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Article

Michael Forsyth

Sound can be defined as audible vibrations within a relatively steady medium, and in buildings sound may be air-borne or structure-borne. The science of architectural acoustics is divisible into noise control and room acoustics. The following article is mainly concerned with the latter and the ‘desired’ sound generated within a space, because its design has had a significant impact on architectural form; it concentrates on examples of Western architecture.

For an extended discussion of acoustics see Grove 6.

Different acoustical conditions are preferable for listening to the spoken word as compared with different types of music. The shape, size and construction of halls and theatres—and to some extent other building types, including churches—developed historically in response to acoustical requirements. Room-acoustic design, however, is a relatively recent subject of study. Until the 20th century this relationship between acoustical requirements and the building form resulted from trial and error, involving the architect’s intuition and awareness of precedent rather than scientific knowledge. Acoustically inadequate halls were usually demolished within about 50 years, so that most surviving older halls are probably among the best that were built....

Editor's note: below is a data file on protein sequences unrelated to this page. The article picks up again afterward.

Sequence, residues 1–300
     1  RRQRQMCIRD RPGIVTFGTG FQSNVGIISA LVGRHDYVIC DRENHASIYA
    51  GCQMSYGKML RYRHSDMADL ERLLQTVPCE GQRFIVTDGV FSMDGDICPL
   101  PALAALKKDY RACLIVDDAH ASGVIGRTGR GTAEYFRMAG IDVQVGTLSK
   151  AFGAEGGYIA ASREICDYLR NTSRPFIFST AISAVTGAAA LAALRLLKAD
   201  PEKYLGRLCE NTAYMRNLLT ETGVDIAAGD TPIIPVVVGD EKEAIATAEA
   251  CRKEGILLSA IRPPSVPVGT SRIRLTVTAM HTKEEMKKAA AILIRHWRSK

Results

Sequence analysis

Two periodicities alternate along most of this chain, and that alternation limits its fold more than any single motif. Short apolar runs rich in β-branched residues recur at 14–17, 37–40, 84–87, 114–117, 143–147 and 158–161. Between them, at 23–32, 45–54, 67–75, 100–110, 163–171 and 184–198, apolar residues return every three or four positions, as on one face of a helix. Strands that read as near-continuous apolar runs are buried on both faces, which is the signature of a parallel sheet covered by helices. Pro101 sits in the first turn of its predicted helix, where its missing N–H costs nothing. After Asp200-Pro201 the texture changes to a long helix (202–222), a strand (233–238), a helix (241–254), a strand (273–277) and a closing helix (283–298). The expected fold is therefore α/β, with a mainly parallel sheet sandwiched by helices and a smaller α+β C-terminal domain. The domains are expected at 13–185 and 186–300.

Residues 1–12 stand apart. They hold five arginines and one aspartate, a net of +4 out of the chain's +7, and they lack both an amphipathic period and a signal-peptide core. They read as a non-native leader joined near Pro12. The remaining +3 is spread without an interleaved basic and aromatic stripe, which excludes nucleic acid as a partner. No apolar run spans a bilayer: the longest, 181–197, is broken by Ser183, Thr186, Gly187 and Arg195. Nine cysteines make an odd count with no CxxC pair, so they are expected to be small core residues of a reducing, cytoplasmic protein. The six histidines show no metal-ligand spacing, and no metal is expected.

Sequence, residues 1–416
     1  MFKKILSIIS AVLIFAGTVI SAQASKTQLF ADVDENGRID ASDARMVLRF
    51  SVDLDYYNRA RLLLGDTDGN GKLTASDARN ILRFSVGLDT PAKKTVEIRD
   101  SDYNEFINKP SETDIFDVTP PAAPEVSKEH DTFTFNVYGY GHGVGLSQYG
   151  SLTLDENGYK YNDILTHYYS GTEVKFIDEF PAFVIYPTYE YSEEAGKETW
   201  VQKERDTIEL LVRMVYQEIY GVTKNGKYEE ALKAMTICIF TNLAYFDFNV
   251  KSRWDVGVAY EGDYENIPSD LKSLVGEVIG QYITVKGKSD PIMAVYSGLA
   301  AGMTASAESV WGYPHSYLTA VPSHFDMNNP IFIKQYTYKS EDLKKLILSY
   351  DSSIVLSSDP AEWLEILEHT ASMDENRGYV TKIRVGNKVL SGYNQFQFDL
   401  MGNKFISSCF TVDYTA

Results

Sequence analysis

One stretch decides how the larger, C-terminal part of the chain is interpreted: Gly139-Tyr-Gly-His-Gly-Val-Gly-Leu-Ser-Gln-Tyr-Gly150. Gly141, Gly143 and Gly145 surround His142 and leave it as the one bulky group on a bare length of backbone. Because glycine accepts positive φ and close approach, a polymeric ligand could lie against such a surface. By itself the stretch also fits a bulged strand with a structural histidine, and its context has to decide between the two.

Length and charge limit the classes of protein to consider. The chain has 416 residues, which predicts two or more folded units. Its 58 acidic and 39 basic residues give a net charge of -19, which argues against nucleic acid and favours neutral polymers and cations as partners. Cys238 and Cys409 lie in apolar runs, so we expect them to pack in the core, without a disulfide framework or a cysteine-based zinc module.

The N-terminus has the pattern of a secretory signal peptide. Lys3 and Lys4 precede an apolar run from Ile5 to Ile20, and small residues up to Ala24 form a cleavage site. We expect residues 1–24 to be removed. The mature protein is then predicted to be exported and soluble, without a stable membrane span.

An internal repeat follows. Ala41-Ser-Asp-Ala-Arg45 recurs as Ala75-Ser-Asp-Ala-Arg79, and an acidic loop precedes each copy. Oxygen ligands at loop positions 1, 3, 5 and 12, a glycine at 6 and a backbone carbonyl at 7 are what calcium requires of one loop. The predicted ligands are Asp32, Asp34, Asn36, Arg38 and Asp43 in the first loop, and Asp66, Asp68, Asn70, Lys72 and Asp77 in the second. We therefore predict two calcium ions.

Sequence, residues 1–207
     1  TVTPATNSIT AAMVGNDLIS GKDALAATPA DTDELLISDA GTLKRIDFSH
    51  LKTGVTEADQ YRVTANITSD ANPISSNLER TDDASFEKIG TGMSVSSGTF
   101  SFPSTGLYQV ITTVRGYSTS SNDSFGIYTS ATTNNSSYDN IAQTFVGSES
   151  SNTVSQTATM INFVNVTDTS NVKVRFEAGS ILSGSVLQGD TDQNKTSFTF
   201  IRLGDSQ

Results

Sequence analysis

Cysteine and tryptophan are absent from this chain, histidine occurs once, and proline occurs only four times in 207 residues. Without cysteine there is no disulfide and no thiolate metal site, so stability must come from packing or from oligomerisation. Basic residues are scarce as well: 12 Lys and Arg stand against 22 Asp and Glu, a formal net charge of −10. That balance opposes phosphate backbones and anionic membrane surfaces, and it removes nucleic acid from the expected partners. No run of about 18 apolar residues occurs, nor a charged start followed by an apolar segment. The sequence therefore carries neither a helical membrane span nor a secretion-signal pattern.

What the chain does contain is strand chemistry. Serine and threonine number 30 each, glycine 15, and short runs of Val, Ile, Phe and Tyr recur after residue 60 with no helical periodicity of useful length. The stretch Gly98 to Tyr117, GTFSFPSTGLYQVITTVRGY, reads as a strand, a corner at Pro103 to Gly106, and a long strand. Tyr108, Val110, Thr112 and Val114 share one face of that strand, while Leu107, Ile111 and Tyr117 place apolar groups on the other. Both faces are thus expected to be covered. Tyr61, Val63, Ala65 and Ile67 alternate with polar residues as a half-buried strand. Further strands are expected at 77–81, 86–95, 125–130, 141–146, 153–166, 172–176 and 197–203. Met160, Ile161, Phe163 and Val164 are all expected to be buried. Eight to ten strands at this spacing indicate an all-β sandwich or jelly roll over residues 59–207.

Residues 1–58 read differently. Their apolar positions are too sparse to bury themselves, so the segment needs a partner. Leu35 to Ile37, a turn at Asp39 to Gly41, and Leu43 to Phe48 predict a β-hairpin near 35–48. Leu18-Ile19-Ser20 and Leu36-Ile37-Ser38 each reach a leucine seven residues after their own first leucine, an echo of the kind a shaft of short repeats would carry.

Article

Marita Sturken

Culture of images and visuality that creates meaning in our world today. This includes media forms such as photography, film, television, and digital media; art media such as painting, drawing, prints, and installations; architecture and design; comic books and graphic novels; fashion design, and other visual forms including the look of urban life itself. It also encompasses such social realms as art, news, popular culture, advertising and consumerism, politics, law, religion, and science and medicine. The term visual culture also refers to the interdisciplinary academic field of study that aims to study and understand the role that images and visuality play in our society; how images, gazes, and looks make meaning socially, culturally, and politically; how images are integrated with other media; and how visuality shapes power, meaning, and identity in contemporary global culture.

The emergence of the concept of visual culture as a means to think about the role of images in culture and as an academic field of study is a relatively recent phenomenon, emerging in the late 1980s and becoming established by the late 1990s. There were numerous factors that contributed to the idea that images should be understood and analysed across social arenas rather than as separate categories, including the impact of digital media on the circulation of images across social realms, the modern use of images from other social arenas (such as news and advertising) in art, and the cross-referencing of cultural forms displayed in popular culture and art. It was also influenced by the increasingly visible role played by images in political conflict and a general trend toward interdisciplinarity in academia....